According to S. Shyam Sundar – professor of communications and co-director of the Media Effects Research Laboratory at Penn State University Park – reality TV is “much more seductive [than other types of programming] because it seems much more real, much less orchestrated (McDermott 2012).” While this is true to some extent, it is widely recognised today that reality TV is typically not a true representation of ‘the real.’ Dead Set highlights this as Kelly doubts her new job: “the show and the crowds and everything, it’s not really real is it?” This comment encourages viewers to think past what we see on screen and question the validity of what is labelled as “reality.”
To elaborate, reality TV is universally recognised as ‘trash.’ Big Brother of all shows is perhaps the epitome of this, thus making it the obvious choice of program to use as a basis for critique in Dead Set. Brooker also notes that “all zombie movies eventually boil down to a siege situation,” and the secluded, camera-filled Big Brother house would be an ideal and original setting.
In many ways, the mindless zombies in Dead Set attempt to represent and undermine the viewers of reality television. The show likens reality TV to an infection, taking over the world as it gains popularity and sucking in its victims in one by one. Once people start watching shows like Big Brother, they get addicted and cannot pull themselves away. Note the parallel to out-of-control, brain-dead zombies.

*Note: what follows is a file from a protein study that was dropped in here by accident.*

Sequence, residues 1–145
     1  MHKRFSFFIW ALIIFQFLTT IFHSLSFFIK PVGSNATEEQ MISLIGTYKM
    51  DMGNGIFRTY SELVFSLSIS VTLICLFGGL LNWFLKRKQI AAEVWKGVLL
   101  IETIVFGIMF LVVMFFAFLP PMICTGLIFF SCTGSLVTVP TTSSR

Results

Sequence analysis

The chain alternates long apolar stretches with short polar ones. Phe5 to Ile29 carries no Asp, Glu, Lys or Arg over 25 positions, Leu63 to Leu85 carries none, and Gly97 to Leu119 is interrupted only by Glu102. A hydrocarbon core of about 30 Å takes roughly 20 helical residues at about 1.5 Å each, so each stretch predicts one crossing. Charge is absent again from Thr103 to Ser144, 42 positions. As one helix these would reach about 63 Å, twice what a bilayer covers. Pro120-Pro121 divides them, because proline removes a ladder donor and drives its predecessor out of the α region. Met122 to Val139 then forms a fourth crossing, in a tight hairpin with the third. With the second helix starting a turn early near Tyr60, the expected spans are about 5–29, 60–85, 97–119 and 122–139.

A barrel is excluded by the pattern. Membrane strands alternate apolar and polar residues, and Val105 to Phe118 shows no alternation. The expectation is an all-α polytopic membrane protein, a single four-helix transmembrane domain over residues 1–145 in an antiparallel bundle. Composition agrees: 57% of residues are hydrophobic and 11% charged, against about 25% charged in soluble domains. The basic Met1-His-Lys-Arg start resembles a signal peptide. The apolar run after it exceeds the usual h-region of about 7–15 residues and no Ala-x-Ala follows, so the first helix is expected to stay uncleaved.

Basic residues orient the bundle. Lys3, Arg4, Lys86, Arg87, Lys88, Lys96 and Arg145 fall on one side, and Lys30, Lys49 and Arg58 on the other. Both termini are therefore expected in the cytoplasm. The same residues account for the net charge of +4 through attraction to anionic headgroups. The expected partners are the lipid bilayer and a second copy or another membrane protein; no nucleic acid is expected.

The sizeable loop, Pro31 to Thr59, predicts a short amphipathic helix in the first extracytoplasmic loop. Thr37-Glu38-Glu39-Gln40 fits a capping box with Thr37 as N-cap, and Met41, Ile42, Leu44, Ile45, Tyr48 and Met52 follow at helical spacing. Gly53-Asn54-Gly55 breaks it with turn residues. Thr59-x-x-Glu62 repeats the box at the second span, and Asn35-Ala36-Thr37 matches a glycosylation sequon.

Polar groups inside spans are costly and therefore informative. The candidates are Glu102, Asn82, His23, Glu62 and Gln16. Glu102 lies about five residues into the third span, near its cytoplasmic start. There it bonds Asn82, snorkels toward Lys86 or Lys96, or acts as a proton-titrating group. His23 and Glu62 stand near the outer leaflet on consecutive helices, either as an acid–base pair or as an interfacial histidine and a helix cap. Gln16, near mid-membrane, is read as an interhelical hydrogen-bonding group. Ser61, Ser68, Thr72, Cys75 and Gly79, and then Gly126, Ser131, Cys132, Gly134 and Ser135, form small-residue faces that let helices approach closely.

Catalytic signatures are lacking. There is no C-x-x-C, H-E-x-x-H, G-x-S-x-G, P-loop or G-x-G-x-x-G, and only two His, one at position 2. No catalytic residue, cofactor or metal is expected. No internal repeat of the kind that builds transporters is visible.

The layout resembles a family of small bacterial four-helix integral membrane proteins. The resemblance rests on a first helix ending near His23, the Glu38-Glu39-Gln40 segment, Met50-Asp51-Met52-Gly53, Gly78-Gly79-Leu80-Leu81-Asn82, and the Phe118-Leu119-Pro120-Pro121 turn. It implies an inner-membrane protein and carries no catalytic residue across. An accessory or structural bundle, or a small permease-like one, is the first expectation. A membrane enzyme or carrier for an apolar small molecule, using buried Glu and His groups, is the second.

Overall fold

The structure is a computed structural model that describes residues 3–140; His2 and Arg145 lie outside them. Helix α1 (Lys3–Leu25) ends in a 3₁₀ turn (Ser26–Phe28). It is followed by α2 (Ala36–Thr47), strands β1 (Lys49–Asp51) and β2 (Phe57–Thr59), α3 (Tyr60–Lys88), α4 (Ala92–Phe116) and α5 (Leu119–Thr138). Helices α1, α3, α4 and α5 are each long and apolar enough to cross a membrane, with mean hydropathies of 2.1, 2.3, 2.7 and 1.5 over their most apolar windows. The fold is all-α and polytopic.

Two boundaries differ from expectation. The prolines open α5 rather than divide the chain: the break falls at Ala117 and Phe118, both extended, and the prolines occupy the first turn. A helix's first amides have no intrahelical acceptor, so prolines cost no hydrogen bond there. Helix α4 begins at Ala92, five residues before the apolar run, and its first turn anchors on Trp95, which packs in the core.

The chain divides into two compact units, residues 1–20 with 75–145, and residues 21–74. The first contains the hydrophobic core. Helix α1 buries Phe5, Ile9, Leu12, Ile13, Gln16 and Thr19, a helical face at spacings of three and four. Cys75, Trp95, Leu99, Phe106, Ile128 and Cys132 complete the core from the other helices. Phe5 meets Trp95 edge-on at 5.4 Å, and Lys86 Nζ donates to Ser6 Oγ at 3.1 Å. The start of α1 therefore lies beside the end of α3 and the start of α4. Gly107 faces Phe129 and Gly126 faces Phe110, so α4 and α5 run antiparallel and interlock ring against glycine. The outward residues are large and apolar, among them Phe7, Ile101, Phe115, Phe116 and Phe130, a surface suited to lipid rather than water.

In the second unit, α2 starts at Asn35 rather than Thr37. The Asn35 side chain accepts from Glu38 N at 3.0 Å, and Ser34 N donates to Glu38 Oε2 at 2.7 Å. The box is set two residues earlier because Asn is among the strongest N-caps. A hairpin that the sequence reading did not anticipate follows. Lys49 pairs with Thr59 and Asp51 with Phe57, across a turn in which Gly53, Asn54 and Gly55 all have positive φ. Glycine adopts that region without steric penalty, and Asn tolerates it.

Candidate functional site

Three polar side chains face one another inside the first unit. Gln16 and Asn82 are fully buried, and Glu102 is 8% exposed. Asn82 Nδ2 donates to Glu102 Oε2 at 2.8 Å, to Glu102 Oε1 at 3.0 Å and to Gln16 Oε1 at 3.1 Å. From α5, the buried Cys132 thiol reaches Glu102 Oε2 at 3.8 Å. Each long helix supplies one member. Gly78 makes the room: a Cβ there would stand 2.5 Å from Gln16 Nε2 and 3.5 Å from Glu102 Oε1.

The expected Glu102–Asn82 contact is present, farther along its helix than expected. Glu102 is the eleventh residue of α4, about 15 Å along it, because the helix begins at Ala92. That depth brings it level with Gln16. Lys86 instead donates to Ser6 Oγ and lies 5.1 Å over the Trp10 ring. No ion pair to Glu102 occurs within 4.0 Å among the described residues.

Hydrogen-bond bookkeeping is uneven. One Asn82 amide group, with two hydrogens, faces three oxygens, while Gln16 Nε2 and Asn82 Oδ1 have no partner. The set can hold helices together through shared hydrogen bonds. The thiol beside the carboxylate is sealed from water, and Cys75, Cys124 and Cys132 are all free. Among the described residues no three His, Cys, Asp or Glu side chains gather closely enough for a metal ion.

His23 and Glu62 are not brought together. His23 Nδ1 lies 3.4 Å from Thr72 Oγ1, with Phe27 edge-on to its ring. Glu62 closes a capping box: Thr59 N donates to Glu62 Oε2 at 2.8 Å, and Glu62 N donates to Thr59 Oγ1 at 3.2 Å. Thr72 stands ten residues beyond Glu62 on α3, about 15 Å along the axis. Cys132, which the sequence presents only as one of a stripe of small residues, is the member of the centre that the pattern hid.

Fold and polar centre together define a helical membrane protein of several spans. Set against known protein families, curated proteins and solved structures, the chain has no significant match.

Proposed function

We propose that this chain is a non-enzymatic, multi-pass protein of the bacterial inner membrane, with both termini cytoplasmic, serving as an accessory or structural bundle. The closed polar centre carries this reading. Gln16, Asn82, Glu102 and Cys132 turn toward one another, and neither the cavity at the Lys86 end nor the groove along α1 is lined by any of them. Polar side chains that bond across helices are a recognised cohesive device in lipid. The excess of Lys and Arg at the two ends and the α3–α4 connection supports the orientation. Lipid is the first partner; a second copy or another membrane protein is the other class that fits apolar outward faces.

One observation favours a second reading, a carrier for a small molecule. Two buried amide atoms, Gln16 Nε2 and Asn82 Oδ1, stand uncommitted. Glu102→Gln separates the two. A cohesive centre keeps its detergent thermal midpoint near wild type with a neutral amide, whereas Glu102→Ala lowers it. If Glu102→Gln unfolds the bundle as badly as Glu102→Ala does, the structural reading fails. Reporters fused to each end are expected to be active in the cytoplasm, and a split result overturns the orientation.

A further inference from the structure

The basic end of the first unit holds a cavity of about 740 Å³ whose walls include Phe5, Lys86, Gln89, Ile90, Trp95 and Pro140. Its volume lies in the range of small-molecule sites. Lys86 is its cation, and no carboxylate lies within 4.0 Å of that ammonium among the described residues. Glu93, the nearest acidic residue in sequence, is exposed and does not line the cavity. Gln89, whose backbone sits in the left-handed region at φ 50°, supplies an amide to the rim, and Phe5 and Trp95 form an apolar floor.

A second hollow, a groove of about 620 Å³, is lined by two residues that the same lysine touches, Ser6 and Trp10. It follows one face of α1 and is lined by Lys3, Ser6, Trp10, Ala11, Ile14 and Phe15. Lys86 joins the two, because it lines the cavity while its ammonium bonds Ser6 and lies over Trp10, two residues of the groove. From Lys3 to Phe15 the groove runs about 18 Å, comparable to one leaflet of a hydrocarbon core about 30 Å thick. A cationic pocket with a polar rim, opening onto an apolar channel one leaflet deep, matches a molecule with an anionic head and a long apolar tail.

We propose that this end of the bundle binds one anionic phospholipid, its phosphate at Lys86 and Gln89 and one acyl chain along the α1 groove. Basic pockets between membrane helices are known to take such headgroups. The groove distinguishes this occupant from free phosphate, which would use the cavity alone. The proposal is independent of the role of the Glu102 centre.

Brooker also draws attention to the flaws of reality TV production as viewers are led to immediately despise the money-hungry, ignorant producers in the fictional run of Big Brother. Presumably (and hopefully) this is an exaggerated version of what goes on behind the scenes, but nonetheless it inclines viewers to question the values and priorities of reality TV production as a whole.
Dead Set definitely leaves you with a lot to think about – from the problems with reality TV, all the way through to how to survive a zombie outbreak. It certainly is an interesting representation of some complex underlying issues of the reality genre, making for a thought provoking watch.
McDermott, Nicole, 2012, ‘Why we’re obsessed with reality TV,’ Greatist, 11 July, viewed 10 August 2015, <http://greatist.com/happiness/why-were-obsessed-reality-tv>
Brooker, Charlie, 2008, ‘Reality bites,’ The Guardian, 18 October, viewed 11 August 2015, <http://www.theguardian.com/film/2008/oct/18/horror-channel4>
In the previous blog, I examined how a transcript of an episode of Skins compared to a completed episode. So to segue on from that, I wish to compare how a first draft of the pilot episode of Friends, or Friends Like Us as it was originally titled, compares to the fine cut of the episode.
Disclaimer: if you are not a Friends fan you probably won’t be a fan of my blog – chances are it’s going to come up A LOT. You have been warned.